Document Type

Thesis - Open Access

Award Date

2021

Degree Name

Master of Science (MS)

Department

Sociology and Rural Studies

First Advisor

Abdallah M. Badahdah

Keywords

thletic-identity, COVID-19, Identity hierarchy, Identity navigation, Identity threats

Abstract

This thesis attempted to answer how collegiate student-athlete runners navigated their running identity through the COVID-19 pandemic. This international health crisis served as an identity threat to the participants in this study as it cancelled outdoor track and field season in the spring of 2020. The main goal was to investigate how student-athlete runners navigated their athletic identity during COVID-19 and the social and psychological costs associated with said navigation. Utilizing in-depth semi-structured interviews, I collected data from five male and five female collegiate distance runners, from the same university. With grounded theory approach and identity theory as a theoretical framework, I discovered six themes concerning navigation of identity. These themes are Immediate Reactions, Negotiation of Identities, Emotional and Mental Health Responses, Formation of Running Identity, Social Support, and Return to Running. These six themes created the basis for the proposed model I titled this model “Navigation of Athletic Running Identity through COVID-19”. In general, the participants found COVID-19 to be a temporary identity threat that created a need for identity work during the pandemic. This negotiation of identity led to some emotional and mental health responses. Eventually, the athletes’ restore their running identities with slightly different meanings with the return to practice. Throughout the process, the commitment to running identity and social support influenced the process of navigation. This study showed how a group of homogenous student-athletes’ running identities were navigated and altered through the temporary identity threat of COVID-19.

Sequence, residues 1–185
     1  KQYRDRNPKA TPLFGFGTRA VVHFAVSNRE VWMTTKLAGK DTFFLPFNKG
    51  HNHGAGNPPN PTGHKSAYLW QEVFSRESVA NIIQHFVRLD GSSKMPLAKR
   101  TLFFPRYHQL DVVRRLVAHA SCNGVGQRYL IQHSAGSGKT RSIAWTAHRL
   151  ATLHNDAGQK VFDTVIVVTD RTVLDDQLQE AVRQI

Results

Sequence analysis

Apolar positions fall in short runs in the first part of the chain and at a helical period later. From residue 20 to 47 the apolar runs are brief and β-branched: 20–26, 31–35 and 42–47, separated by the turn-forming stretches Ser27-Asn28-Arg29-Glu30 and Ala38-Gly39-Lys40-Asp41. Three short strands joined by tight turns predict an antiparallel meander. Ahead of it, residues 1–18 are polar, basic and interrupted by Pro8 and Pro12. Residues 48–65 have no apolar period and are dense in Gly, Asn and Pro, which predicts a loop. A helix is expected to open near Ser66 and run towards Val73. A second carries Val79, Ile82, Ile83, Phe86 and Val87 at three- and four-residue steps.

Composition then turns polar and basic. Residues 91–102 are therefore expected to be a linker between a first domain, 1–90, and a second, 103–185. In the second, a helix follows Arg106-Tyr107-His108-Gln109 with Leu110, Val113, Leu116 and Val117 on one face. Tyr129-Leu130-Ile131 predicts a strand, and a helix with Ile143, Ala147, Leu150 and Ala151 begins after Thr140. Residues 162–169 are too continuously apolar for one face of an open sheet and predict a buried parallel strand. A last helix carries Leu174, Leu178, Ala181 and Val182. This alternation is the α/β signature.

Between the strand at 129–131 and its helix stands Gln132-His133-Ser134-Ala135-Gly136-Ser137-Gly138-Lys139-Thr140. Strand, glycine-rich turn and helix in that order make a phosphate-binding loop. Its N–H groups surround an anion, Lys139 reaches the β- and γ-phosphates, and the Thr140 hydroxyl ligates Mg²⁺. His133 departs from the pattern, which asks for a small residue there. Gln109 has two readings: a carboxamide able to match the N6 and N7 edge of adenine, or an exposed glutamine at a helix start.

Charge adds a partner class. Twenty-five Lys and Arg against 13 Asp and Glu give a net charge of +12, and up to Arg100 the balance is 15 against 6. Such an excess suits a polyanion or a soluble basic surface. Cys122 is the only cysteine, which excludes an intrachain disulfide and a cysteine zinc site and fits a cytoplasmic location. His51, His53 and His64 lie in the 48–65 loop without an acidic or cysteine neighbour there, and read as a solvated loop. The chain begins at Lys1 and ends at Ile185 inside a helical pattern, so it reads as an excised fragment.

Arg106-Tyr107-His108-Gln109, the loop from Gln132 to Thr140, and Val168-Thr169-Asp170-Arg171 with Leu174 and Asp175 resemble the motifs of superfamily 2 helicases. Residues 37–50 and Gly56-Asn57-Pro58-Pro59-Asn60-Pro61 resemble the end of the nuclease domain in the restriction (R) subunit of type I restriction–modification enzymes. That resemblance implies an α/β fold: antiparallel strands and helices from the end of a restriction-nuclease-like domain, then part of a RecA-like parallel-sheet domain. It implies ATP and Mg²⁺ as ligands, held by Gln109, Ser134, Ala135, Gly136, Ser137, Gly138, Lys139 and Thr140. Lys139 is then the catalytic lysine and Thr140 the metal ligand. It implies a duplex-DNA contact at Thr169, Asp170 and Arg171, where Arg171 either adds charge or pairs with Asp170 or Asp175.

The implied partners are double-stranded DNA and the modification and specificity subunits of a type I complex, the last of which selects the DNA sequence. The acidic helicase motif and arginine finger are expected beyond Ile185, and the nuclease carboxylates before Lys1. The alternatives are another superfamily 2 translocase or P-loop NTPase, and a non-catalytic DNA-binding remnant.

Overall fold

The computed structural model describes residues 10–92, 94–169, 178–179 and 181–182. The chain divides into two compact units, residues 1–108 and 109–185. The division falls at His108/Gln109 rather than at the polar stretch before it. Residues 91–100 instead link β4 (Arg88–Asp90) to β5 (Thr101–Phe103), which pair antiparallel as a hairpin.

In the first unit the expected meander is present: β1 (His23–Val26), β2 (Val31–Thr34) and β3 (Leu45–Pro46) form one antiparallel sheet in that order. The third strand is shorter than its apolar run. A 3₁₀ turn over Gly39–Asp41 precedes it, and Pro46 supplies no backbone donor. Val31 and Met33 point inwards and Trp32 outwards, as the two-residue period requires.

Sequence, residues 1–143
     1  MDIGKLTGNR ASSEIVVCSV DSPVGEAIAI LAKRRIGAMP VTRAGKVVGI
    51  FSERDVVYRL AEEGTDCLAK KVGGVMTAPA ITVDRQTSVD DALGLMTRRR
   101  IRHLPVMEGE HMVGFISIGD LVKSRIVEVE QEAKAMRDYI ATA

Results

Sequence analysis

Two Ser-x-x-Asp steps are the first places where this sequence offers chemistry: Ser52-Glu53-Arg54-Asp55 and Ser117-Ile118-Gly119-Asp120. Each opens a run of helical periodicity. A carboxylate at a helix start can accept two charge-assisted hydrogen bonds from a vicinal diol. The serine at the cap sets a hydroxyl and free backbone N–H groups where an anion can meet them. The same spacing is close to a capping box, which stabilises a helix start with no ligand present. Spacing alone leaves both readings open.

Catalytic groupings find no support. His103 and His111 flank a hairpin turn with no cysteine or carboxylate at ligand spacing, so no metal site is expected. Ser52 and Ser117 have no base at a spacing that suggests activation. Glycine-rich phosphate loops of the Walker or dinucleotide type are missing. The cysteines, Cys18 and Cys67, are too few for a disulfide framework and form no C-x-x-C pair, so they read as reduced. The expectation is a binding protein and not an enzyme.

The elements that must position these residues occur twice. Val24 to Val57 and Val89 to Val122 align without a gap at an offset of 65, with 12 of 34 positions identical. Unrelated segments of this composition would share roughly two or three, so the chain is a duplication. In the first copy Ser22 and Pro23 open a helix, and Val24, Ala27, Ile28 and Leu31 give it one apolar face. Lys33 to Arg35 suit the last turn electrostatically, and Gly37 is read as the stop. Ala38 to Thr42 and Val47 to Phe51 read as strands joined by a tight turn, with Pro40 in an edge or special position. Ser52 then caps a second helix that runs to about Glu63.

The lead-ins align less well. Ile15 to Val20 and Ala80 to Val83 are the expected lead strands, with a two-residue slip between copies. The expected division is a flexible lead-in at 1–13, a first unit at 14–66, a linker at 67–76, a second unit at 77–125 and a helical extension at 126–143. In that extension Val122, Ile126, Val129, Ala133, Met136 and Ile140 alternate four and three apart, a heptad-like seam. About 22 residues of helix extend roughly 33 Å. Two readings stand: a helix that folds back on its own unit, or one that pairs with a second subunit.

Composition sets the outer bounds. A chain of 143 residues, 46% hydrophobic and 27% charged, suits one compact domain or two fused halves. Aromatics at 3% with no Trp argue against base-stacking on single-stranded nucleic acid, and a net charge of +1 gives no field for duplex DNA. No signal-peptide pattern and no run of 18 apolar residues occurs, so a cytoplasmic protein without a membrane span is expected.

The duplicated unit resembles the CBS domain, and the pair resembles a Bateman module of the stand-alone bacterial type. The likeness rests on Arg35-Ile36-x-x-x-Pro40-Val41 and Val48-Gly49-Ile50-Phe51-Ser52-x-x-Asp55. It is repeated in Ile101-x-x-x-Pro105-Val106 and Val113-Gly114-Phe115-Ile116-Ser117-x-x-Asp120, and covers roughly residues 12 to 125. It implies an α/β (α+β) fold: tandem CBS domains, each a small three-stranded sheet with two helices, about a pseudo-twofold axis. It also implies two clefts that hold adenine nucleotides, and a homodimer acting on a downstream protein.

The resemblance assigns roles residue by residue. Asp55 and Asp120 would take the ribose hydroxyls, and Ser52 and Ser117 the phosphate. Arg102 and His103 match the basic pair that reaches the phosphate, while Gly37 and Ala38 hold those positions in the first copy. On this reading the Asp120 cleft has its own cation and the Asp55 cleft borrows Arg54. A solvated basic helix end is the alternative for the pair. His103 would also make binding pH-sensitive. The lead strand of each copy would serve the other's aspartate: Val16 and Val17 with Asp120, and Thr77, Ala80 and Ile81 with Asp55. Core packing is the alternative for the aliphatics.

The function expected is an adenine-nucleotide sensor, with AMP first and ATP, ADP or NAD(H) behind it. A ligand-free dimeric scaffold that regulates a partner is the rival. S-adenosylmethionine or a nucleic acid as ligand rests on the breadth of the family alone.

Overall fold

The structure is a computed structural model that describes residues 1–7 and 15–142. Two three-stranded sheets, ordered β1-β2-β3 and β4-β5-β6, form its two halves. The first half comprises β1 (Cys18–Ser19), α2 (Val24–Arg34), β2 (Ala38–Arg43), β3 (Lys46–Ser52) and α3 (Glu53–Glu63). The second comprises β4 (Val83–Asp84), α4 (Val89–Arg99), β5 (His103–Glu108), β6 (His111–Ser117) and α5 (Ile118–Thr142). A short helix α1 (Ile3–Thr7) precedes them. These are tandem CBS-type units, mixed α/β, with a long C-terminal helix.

Format

application/pdf

Number of Pages

113

Publisher

South Dakota State University

Rights

Copyright © 2021 the Author

Included in

Sociology Commons

Share

COinS